After the discussion on taxes, Manwaring chided the state chamber staff for ignoring education funding issues and the impact on businesses. Manwaring is a member of a local group that is looking at the outcomes of education spending in Vermont.

“Your list does not include education funding,” Manwaring said. “Why do business associations not take this issue up?”

“It’s not a priority because no one in the Legislature discusses the issue,” replied Bishop. “The problem is most people don’t feel the increase because of income sensitivity.” Bishop noted that Gov. Peter Shumlin is seeking a 5-cent increase in the statewide property tax in his 2013-2014 state budget. That increase will impact businesses and second-home owners.

“We’ve got to start looking at it differently,” said Manwaring. “As a state, we’re spending $1.3 billion on education each year and not getting good results. It’s not okay to land in the middle of the pack.”

Manwaring summed up that the working group she is on is trying to develop data about education spending and its outcomes. “We need to raise the heat. There’s a lot of stuff happening. It’s not about winners and losers anymore.”

Manwaring also noted that another problem the state faces is the availability of qualified, educated employees. Bishop agreed, saying that workforce training was “a big part of what we try to do, getting people retrained and retooled.”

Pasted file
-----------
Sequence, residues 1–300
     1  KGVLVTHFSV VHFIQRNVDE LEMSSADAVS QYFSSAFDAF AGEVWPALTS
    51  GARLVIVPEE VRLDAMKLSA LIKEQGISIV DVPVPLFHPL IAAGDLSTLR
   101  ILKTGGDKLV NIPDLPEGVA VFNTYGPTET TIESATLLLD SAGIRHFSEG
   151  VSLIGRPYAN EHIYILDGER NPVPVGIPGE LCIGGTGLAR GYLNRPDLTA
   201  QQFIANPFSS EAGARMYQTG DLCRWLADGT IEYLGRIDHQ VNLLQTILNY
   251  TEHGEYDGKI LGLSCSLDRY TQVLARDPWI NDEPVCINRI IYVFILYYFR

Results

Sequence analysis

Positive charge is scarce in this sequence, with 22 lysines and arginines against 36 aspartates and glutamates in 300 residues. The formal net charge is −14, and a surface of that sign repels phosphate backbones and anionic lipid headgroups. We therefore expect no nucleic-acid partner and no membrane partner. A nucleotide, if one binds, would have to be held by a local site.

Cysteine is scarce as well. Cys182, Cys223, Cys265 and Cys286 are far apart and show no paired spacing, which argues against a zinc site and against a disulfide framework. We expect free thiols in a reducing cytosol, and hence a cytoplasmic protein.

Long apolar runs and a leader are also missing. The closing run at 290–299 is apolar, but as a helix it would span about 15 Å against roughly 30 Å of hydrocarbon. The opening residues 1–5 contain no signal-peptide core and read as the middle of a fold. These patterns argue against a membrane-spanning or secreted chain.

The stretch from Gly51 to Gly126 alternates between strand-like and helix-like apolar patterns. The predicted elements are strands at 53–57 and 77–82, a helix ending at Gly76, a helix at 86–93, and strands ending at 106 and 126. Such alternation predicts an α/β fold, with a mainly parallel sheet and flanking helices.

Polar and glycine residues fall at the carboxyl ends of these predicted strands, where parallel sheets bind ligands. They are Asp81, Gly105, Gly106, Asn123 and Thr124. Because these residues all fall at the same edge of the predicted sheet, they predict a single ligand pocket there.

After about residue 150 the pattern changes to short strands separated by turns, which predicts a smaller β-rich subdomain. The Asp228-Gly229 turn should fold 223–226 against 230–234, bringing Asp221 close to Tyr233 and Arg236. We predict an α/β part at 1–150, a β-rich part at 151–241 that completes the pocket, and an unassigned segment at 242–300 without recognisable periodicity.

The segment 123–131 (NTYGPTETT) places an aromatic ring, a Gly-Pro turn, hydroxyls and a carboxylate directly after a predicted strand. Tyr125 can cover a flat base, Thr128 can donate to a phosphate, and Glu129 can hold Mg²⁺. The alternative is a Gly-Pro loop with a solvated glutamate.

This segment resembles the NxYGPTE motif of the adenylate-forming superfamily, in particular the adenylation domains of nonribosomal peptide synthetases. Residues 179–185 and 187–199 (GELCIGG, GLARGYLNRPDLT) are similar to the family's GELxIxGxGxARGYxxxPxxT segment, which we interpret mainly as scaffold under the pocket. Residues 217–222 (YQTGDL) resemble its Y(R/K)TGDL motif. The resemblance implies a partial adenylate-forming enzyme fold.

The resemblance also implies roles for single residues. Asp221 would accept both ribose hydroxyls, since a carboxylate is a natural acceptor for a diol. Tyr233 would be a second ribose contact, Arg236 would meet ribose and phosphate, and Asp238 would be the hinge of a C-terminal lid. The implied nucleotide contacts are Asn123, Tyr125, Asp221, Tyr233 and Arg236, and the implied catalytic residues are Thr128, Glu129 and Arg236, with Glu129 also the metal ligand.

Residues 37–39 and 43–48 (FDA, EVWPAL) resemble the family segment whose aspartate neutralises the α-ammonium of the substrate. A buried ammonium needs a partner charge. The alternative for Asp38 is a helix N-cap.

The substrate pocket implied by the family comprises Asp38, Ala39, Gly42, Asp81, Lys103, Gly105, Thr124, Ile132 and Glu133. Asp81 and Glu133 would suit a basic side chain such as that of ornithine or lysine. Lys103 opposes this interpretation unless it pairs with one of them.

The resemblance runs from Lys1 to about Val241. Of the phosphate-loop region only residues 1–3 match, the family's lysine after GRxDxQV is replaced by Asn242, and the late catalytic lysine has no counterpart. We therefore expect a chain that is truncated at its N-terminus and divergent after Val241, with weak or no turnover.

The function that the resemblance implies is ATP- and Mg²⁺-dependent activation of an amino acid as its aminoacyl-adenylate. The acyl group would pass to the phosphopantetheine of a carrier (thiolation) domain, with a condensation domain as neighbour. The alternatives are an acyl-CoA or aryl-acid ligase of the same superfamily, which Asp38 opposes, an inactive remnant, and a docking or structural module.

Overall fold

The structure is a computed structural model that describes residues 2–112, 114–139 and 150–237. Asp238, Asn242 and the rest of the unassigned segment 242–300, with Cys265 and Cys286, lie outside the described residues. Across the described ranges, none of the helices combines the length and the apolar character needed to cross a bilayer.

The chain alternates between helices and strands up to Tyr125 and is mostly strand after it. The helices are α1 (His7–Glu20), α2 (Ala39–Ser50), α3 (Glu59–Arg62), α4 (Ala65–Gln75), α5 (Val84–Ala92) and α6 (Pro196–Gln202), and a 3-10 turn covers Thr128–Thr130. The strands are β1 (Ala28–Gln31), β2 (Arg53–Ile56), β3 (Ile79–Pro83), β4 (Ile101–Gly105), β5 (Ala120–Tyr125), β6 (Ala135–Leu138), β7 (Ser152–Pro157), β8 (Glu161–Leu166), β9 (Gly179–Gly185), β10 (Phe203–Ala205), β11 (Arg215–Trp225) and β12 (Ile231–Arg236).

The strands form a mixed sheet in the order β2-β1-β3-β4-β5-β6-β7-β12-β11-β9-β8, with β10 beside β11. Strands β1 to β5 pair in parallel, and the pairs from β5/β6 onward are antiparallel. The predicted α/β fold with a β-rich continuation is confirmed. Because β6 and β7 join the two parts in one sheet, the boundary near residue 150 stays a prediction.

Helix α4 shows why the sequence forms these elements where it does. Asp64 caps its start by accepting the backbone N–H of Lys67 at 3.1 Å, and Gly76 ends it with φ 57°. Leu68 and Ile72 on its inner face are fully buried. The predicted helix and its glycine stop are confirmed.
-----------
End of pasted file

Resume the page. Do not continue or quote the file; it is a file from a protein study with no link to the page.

Hartwell said education finances would be one of his priorities once the Senate begins its session. He said he has been studying a property tax cap that has been enacted in New York, and that may be something he proposes in Vermont to help contain education expenses. He added that property taxes and education spending “could be a big issue this year.”

Hartwell said another issue that may come to the forefront of the upcoming session could be large-scale renewable energy projects, including wind generating projects. He noted that state law allows for quick approval of projects and has taken away much local input into those projects. He also raised some concerns about the environmental and financial viability of wind-power projects.

“I’m concerned that wind projects are not contributing economically to the communities they’re being built in.” He also added he didn’t think most wind projects would be built if government subsidies were not available to help finance them.

Workforce and career development are also issues Moran plans to focus on. He noted that he had recently spent some time at the Windham Regional Career Center, and was impressed with many of the course offerings there. What disappointed him was the small number of students taking advantage of many o f the offerings, saying some classes had only three students.

“The viability of the career center is questionable,” Moran said. “The system is set up to disincentivize schools to send students to the career center.” He said that a school would lose state funding for a student who chooses to attend the career center. “We should start with what’s important,” said Moran. “Not with what silo the money might fall into. We can work together to solve this. There should be a partnership between businesses and the career center.”

The 2013 legislative session is set to begin on January 9. For more information visit